Tuesday, April 21, 2009

A Brief Guide to Emoticons: Part 1

My mother is a wonderful person. She possesses style, class, and learning. When my friends meet her, they are overwhelmed not only by her grace and charm, but by the genetic weirdness that must have happened for her to produce a twisted kobold such as myself.

“Wow,” they will often say. “Your mom’s cool!” They then look askance at me. “How the hell did you happen?” Everyone laughs, myself included, even though a little piece of my soul withers and dies, a process that will eventually turn me into a miserable old man who’s only joy lies in yelling at kids to get off his goddamn lawn.

But I digress.

As wonderful as my mother is, she completely does not get emoticons. She will send me emails like “Your cousin Steve died in a car-crash :) :( ! (Y) ‘French Prostitute’ :-\.” This just confuses me, as I don’t actually have a cousin Steve.

Therefore, in the hopes of educating mothers everywhere about the proper use of emoticons, I humbly offer this guide:

Part 1: The History of Emoticons
As many of you may have noticed, it is difficult, if not impossible, to adequately convey ‘sarcasm,’ ‘irony,’ or ‘I’m totally messin’ with you, dude’ in written communication. Many, many wars and feuds were started because of this inherent inflexibility of the written word. The 1st, 2nd, 6th, and 11.5th Punic Wars actually began because the Romans, assuming the Carthaginians would ‘get it,’ persisted in referring to them as ‘buttheads’ in all official documentation. This prompted Hannibal to try and kill the Romans with elephants.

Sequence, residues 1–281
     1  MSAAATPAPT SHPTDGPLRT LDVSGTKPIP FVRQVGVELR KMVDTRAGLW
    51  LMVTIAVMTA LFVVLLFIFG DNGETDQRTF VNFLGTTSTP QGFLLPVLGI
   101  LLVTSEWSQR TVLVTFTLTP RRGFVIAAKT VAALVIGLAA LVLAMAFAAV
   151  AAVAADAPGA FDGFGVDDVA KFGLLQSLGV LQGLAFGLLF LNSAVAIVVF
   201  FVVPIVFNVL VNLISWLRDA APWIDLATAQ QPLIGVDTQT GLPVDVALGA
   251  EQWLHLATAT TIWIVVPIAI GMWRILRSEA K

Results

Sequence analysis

The actual word ‘emoticon’ comes from the 10th Century French word ‘emoticonne’ meaning ‘having to do with mimes.’ This is absolutely true, as I read it in the OED. Unfortunately, my OED burst into flames after I looked this up, so I cannot cite the actual entry. I choose to blame ninjas.

Initially, emoticons were primitive affairs, consisting of only three marks: a ‘happy’ symbol, a ‘frowny’ symbol, and a third symbol that meant either ‘I want to touch your bottom’ or ‘Please send bees’ (modern scholars are still divided about the translation).

Then computers appeared and with the advent of the World Wide Web, a larger, universally understood set of emoticons became available.

Tomorrow: Part 2 – How to Use Emoticons


Anonymous said...

Funny as hell!

Toil3T said...

Aah, the important stuff my history teacher neglected. Thanks for clearing this up.

(Convention dictates I use an emoticon to convey that I'm going along with the joke, but I want to make sure I use them correctly, so I'll wait for part 2.)

Jason Janicki said...

Thanks :)

Good thinking, Toil3T!